Most network administrators at enterprises in North America are talking about software-defined networking. Most think they have a pretty good handle on it. But not every one of them knows what SDN actually is, even though the term has been thrown around for three years or more. Far from it.
Most network admins know what they want to do with SDN, which virtualizes physical networking gear so administrators can tweak their networks without unplugging boxes and moving cables. Admins want to deploy applications and services more quickly. Many also want to use it to cut down on mistakes and get new customers running as soon as possible. But problems loom. Admins expect SDN to cost a lot of money and possibly lead to security concerns. And they don’t think their colleagues know about SDN in the first place.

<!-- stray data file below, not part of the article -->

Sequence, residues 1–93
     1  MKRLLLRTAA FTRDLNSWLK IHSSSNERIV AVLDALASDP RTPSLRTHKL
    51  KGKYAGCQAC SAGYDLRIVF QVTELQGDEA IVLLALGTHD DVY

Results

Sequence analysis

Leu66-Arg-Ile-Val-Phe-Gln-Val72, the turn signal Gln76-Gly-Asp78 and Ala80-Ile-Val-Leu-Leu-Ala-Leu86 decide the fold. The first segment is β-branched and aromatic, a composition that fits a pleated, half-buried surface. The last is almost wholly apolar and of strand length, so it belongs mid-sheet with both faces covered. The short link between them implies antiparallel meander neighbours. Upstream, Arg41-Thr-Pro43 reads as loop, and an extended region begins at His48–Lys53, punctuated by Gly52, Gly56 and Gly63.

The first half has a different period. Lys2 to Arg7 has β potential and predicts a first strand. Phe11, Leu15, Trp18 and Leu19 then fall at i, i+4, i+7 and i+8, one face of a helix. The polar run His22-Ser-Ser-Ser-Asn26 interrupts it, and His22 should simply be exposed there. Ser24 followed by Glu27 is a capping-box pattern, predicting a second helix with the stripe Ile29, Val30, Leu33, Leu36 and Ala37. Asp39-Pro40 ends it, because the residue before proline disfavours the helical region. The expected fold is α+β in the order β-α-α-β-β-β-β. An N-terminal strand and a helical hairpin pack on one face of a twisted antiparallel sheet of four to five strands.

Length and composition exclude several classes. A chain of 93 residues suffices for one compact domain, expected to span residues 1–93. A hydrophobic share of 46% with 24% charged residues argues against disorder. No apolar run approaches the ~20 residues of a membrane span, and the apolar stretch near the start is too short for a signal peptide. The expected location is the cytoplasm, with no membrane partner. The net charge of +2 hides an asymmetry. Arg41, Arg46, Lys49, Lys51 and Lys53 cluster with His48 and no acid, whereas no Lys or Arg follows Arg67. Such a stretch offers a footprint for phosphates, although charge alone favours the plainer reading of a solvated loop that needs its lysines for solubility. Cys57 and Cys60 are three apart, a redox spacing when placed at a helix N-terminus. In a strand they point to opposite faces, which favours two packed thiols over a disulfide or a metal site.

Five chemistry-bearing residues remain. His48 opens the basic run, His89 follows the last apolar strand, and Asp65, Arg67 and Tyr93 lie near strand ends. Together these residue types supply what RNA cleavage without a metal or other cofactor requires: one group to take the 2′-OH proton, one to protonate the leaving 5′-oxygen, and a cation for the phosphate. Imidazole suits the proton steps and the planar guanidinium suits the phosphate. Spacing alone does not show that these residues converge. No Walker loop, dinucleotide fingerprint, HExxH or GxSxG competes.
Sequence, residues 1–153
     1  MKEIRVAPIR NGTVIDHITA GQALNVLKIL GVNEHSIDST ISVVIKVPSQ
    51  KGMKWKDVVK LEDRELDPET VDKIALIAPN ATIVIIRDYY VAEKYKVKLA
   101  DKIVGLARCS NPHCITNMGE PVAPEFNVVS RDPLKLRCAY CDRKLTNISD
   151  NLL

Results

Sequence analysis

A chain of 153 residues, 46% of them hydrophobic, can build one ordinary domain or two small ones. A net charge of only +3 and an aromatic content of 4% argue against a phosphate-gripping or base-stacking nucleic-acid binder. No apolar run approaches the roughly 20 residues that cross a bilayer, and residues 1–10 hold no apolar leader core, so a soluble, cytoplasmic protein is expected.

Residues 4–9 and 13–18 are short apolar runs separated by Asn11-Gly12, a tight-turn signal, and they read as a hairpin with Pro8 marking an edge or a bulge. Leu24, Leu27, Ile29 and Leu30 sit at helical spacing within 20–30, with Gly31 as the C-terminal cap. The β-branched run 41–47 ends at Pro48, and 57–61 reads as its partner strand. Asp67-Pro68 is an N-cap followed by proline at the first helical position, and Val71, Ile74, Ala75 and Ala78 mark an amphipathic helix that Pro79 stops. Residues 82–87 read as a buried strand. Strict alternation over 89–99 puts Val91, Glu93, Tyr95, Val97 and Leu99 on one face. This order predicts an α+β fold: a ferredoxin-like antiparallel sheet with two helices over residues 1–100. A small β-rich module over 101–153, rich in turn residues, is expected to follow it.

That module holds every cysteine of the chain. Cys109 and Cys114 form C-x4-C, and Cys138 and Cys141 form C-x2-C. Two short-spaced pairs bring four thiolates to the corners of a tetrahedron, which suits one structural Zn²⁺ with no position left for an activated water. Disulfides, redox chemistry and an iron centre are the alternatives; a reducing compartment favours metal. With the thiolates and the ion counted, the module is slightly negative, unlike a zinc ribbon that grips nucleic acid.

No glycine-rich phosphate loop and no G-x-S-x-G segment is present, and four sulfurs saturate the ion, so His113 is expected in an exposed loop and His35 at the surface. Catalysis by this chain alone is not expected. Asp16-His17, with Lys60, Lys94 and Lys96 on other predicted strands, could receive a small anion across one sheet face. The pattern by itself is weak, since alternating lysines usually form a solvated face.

Such are the contradictions that resulted from a February and March survey of 237 enterprise network decision makers, sponsored by the Swedish SDN company Tail-f Systems. The results point to the lack of real knowledge about what SDN is and how to implement it. There’s still no shortage of hype, though, and with vendors using different definitions and trying to drive their own standards, it’s hard for everyone to agree on common terms.
So far, 65 percent of survey respondents said their companies are in SDN trials, have implemented SDN or are implementing it now. That number will keep going up. A February GigaOM Research report (subscription required) forecasted the global SDN market will swell from $320 million in 2014 to $2.45 billion in 2018. But how soon the hype will go away and genuine understanding will replace it is anyone’s guess.